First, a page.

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When Hospital Safeguards Against Drug Theft Aren’t Enough

Tennessee man poses as surgeon to nab painkillers

Although hospitals are constantly working to tighten their security measures against drug theft, it can be hard to anticipate theft strategies, according to an article in the Chattanooga Times-Free Press.

Recently, security guards at Erlanger Hospital in Chattanooga, Tennessee, caught 26-year-old Ryan Epperson, a corrections officer at Hamilton County Jail, posing as a surgeon and stealing painkillers. His arrest followed an ongoing investigation into drug thefts at Erlanger as well as at two other major hospitals in downtown Chattanooga –– Parkridge Medical Center and CHI Memorial.

The audacity of Epperson’s strategy meant that the hospitals’ security measures, such as regular pill counts, heavy surveillance, and room restrictions, weren’t enough to prevent the thefts, said Tennessee Board of Pharmacy President Reggie Dillard.

“The hospitals may have had every security measure in place, but they may not have anticipated someone so brazen,” Dillard told the Times-Free Press. “Once he developed the scenario that worked at one hospital, he probably found it would work at any hospital. Nothing is bulletproof.”

All three facilities have strict regulations regarding employee IDs and multilayer security protocols, but Epperson had done enough research to bypass such measures, indicating familiarity through personal experience or through a contact in health care. For example, Epperson knew when Parkridge’s radiology lab would be unoccupied, and he was able to park in Erlanger’s physician lot.

Increased security protocols might safeguard against a similar incident, but drug theft by real hospital employees is a major problem within the industry as well, according to FierceHealthcare. A report last year found that more than 100,000 medical professionals abuse or are addicted to prescription drugs, and the high-stress hospital environment often exacerbates that behavior.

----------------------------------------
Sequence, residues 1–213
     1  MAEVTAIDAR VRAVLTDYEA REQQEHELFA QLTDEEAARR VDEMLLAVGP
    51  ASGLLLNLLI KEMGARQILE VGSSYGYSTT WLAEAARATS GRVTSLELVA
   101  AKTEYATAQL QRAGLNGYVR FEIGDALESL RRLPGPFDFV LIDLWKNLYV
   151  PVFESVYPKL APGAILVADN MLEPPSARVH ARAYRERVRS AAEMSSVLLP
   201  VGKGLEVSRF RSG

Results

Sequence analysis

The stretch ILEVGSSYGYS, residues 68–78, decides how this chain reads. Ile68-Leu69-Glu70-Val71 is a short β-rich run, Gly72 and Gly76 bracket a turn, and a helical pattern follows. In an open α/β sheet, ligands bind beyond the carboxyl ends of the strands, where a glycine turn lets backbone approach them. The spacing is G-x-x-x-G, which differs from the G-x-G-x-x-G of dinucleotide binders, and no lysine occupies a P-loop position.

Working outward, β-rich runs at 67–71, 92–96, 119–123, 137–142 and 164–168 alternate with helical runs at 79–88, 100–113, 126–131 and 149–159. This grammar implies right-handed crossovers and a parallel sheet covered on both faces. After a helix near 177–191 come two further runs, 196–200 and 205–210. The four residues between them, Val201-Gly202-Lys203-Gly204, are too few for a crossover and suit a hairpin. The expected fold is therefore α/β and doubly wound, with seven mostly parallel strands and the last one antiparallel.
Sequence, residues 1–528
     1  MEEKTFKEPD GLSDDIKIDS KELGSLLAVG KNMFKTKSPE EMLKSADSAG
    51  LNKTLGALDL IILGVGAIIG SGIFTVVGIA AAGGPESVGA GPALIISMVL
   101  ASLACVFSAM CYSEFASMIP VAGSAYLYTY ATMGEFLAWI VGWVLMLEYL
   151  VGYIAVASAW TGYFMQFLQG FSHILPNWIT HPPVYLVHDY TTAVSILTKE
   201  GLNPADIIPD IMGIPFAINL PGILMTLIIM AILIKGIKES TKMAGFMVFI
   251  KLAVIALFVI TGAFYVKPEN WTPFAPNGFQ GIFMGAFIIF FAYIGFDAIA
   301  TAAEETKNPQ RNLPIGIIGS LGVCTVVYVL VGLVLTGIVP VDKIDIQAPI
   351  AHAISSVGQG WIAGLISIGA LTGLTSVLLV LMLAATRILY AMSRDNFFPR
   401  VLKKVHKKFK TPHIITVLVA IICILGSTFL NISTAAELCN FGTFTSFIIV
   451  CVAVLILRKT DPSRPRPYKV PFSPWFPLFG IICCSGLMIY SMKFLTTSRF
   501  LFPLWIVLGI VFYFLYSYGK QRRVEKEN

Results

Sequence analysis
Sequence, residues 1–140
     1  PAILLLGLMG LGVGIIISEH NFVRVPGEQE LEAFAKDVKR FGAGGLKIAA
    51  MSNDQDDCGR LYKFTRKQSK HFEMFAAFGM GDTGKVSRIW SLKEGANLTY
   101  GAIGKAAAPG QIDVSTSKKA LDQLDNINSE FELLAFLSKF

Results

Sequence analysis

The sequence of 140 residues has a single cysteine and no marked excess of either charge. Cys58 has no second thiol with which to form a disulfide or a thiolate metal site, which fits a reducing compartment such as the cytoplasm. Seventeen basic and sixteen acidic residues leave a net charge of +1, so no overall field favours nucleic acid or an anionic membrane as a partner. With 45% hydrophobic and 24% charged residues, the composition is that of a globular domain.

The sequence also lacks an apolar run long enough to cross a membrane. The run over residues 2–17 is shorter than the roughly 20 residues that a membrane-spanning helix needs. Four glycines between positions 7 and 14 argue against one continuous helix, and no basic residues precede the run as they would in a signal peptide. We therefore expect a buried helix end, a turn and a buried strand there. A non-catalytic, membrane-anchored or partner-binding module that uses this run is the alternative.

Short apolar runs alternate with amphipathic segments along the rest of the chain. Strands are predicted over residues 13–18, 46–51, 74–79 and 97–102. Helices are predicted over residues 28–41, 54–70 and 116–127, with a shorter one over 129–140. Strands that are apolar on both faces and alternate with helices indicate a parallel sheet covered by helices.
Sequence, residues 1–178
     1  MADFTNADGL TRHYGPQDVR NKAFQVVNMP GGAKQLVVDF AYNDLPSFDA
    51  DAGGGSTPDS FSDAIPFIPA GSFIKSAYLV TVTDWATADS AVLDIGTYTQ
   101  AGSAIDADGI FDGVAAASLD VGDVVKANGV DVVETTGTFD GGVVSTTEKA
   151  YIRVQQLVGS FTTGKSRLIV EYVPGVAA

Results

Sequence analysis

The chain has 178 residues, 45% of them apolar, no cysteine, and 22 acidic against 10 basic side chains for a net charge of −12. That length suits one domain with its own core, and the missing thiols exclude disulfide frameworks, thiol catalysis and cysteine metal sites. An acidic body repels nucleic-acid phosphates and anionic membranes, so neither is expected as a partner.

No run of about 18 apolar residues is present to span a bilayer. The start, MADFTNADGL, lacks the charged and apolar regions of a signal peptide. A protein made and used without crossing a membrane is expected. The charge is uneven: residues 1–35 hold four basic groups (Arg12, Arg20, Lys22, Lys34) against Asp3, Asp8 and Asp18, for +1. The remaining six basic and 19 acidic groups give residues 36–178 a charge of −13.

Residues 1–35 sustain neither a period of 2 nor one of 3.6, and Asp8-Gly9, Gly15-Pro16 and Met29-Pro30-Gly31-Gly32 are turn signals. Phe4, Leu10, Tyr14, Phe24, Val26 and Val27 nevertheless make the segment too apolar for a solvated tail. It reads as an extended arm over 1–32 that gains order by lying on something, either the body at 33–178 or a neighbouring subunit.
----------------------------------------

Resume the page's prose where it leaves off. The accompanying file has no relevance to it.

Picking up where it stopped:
State policies can also increase the risk of drug theft by employees. For example, in Virginia, health care employers often do not report drug abuse by nurses to the state, and this failure to report, while illegal, is hardly ever punished, FierceHealthcare previously reported.

Erlanger spokeswoman Pat Charles said a complete inventory of all narcotics is performed at designated times at the hospital; counted by a nurse from the oncoming shift; and witnessed by an off-going shift nurse. Incidents of inaccurate or missing drugs “are brought to the attention of the nurse manager,” Charles said.

Red flags are usually thrown up by the Pyxis MedStation. This machine, essentially a digital medicine cabinet, requires specific log-in information to open the compartments in which drugs are stored.

Sources: FierceHealthcare; June 1, 2015; and Chattanooga Times–Free Press; May 30, 2015.

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